Is COVID Really to Blame for the Recent Drop in American Life Expectancy?
The number has been headed in the wrong direction for years
The National Vital Statistics System (NVSS) shared some deeply upsetting news last week: in the first six months of 2020, the average life expectancy in the United States fell by an entire year. Federal researchers were shocked by the precipitous drop — one federal researcher said to The New York Times, “I knew it was going to be large but when I saw those numbers, I was like, ‘Oh my God.’ We haven’t seen a decline of that magnitude in decades.”
It’s the largest downswing since eight million Americas were sent to fight in WWII, and it’s a direct result of the global pandemic. By the end of June 2020, nearly 125,000 Americans had died from COVID-19. That was enough to bring the total population life expectancy down to 77.8 years old, the lowest level since 2006. Here at the end of February 2021, half a million Americans have died. In the short-term, life expectancy will only continue to drop.
Over time, though, as we push towards mass vaccination and herd immunity, the numbers should right themselves. (Life expectancy dropped an insane 11.8 years during the 1918 pandemic, before rapidly rebounding.) The larger issue is that even once these numbers “level out,” America is still 46th in the world in life expectancy; it’s the only wealthy country in the world where the most basic marker of population health is going down.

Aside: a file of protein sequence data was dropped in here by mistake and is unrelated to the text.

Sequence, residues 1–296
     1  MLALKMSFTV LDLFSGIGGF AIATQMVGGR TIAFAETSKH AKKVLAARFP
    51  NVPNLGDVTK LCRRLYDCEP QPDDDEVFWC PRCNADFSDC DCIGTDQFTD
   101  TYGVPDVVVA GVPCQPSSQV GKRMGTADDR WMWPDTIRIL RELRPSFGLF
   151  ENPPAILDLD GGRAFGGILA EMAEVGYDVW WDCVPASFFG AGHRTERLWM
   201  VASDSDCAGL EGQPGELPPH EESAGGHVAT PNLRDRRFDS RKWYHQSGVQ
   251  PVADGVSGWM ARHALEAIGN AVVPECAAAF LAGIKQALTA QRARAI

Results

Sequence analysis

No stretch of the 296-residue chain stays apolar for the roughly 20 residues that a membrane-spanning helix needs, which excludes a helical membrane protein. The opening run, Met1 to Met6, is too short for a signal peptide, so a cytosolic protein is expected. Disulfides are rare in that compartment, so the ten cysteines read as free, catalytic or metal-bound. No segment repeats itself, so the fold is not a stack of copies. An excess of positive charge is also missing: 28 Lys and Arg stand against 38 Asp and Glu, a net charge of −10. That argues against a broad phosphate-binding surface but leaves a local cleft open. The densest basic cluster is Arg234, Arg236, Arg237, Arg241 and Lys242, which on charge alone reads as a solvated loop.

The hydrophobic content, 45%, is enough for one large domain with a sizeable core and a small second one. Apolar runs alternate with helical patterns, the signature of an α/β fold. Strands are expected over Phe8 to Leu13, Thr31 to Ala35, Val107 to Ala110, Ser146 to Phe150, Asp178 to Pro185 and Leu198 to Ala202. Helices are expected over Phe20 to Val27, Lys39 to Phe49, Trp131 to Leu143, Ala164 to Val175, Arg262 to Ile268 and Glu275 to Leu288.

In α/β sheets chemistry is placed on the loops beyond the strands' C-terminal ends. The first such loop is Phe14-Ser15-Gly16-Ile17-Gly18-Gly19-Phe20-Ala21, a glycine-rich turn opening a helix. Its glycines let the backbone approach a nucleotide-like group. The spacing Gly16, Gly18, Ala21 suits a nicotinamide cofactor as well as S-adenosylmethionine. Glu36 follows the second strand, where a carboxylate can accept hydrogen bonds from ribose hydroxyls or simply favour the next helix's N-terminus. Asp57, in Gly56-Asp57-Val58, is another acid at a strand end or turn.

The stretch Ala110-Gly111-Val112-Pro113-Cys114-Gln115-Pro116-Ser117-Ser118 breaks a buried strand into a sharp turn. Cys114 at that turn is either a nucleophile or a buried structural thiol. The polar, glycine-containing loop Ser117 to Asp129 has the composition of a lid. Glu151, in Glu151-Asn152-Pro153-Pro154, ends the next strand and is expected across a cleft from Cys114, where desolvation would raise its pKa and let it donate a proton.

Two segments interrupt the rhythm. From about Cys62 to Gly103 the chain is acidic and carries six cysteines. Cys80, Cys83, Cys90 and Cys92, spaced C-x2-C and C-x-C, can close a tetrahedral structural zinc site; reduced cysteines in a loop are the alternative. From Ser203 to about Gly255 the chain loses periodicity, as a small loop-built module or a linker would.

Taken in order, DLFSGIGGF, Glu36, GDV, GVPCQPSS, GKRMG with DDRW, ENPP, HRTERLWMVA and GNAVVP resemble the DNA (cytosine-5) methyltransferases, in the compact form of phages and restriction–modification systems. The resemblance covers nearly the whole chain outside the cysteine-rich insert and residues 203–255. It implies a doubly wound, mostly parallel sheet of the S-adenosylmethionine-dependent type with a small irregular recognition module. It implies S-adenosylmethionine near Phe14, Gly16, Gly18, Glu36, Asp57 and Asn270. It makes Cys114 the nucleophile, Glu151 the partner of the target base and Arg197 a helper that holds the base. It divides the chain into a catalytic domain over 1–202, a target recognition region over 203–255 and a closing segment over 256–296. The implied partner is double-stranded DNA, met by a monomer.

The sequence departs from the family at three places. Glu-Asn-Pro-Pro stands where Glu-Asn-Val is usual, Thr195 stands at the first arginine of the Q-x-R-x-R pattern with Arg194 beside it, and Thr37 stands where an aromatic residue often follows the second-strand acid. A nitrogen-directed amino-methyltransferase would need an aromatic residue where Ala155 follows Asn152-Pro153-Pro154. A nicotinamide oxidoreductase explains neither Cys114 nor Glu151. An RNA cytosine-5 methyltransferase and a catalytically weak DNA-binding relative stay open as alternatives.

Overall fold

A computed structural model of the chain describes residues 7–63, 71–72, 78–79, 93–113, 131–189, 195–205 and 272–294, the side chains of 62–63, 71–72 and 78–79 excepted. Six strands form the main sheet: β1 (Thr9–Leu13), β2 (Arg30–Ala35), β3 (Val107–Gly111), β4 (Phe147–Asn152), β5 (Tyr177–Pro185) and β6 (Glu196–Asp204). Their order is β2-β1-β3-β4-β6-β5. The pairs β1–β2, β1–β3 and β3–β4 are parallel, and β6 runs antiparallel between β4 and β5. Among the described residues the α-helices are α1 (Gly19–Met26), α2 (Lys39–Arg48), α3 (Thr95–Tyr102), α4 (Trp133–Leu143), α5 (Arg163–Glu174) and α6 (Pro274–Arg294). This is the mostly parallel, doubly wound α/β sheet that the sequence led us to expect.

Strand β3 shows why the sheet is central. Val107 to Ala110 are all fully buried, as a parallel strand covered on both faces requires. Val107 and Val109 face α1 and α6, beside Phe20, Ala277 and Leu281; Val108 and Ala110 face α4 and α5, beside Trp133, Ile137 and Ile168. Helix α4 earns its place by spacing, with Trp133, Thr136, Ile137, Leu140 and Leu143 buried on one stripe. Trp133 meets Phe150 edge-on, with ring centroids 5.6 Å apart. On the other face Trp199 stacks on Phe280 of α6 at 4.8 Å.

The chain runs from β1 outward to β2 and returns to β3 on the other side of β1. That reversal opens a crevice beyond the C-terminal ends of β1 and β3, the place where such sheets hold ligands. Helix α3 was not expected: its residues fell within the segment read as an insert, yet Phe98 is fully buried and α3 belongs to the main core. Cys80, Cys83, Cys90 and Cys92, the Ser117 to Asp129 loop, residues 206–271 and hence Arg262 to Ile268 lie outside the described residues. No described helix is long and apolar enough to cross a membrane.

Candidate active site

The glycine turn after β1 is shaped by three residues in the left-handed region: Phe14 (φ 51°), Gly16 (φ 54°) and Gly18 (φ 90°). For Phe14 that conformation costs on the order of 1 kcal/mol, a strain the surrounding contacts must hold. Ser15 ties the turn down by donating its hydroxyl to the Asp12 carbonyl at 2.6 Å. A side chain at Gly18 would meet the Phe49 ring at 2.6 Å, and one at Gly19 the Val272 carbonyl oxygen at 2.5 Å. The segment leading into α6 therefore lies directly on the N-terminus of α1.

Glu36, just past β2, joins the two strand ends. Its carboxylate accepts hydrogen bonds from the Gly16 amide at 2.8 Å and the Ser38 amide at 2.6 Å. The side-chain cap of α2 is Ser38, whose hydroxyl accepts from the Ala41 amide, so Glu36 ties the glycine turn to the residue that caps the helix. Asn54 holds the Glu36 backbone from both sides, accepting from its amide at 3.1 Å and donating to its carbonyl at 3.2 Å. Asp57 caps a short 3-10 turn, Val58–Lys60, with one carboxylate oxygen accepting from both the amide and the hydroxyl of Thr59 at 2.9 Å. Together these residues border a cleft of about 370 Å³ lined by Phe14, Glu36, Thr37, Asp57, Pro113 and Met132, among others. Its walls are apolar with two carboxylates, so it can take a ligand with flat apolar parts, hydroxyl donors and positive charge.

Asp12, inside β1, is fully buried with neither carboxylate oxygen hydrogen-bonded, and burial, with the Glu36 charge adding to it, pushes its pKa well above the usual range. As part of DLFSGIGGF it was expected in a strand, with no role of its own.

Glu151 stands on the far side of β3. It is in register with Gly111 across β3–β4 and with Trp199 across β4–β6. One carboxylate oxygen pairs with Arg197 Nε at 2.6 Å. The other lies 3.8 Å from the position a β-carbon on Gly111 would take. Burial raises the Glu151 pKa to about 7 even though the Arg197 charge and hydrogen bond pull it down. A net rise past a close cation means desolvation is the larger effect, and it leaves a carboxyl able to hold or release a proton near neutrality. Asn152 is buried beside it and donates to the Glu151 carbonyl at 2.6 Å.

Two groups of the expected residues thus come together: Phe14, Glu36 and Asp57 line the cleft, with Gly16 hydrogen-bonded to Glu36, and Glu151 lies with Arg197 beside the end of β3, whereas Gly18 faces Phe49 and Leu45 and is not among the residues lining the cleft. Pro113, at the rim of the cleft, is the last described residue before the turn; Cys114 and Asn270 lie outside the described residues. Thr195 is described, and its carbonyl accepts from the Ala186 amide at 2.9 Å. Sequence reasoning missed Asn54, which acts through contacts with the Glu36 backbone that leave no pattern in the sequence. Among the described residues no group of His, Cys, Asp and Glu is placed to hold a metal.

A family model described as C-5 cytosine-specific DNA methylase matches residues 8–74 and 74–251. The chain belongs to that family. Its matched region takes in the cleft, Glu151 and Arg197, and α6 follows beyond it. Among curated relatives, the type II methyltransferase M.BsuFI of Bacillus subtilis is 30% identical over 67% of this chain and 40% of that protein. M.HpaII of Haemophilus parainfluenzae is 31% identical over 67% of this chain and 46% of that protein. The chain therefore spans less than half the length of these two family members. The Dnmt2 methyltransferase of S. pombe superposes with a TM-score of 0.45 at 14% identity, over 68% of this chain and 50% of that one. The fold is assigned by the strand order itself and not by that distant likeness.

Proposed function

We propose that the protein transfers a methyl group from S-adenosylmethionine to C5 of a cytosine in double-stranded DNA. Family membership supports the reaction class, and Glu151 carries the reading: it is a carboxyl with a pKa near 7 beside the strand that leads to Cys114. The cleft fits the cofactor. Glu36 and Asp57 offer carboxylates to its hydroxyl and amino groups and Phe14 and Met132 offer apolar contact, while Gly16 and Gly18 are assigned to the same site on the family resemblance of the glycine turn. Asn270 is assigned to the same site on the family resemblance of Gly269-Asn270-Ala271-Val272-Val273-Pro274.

Consider: in the three years before the pandemic arrived, life expectancy in the United States was already going down. The main culprits? The opioid crisis, obesity and suicide. Americans between the ages of 25 and 64 have been dying at alarming rates for years now. The trend is proof that longevity has little to do with GDP (e.g. we’re just behind Cuba, Estonia, Lebanon on the life expectancy chart) and everything to do with affordable housing, equitable healthcare, and a mental health infrastructure that encourages long-term happiness.
Not to mention, there’s a serious underlying racial inequality at play. Black and Hispanic populations each saw a more extreme drop (compared to white Americas) in life expectancy last year, due to the pandemic. Those populations are more likely to live in overcrowded housing, work in punitive, low-wage jobs and struggle to pay for healthcare. Even before the pandemic, though, these Americans were likely to die sooner than others — and they were also likely to die sooner than their poor counterparts in other countries.
It’s been said and written countless times, but it remains true: the lessons we’ve learned from the COVID-19 crisis must remain with us beyond the “end” of the pandemic. It’s difficult to fathom that we needed 500,000 Americans to die for us to reckon with injustices that have been present in this country for years, but here we are.
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